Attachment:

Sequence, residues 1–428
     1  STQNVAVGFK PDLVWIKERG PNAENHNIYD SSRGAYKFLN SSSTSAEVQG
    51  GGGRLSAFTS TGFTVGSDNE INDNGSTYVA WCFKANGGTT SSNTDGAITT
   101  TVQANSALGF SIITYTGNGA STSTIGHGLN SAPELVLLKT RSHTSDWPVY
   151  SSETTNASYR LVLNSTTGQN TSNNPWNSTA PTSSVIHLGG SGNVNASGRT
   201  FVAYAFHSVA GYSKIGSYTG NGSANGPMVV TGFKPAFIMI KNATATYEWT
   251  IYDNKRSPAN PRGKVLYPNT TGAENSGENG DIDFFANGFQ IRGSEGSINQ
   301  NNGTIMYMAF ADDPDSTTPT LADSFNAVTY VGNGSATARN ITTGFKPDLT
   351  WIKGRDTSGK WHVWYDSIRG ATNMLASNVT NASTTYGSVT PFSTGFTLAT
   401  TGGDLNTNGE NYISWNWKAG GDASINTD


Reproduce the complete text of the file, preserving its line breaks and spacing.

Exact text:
Sequence, residues 1–428
     1  STQNVAVGFK PDLVWIKERG PNAENHNIYD SSRGAYKFLN SSSTSAEVQG
    51  GGGRLSAFTS TGFTVGSDNE INDNGSTYVA WCFKANGGTT SSNTDGAITT
   101  TVQANSALGF SIITYTGNGA STSTIGHGLN SAPELVLLKT RSHTSDWPVY
   151  SSETTNASYR LVLNSTTGQN TSNNPWNSTA PTSSVIHLGG SGNVNASGRT
   201  FVAYAFHSVA GYSKIGSYTG NGSANGPMVV TGFKPAFIMI KNATATYEWT
   251  IYDNKRSPAN PRGKVLYPNT TGAENSGENG DIDFFANGFQ IRGSEGSINQ
   301  NNGTIMYMAF ADDPDSTTPT LADSFNAVTY VGNGSATARN ITTGFKPDLT
   351  WIKGRDTSGK WHVWYDSIRG ATNMLASNVT NASTTYGSVT PFSTGFTLAT
   401  TGGDLNTNGE NYISWNWKAG GDASINTD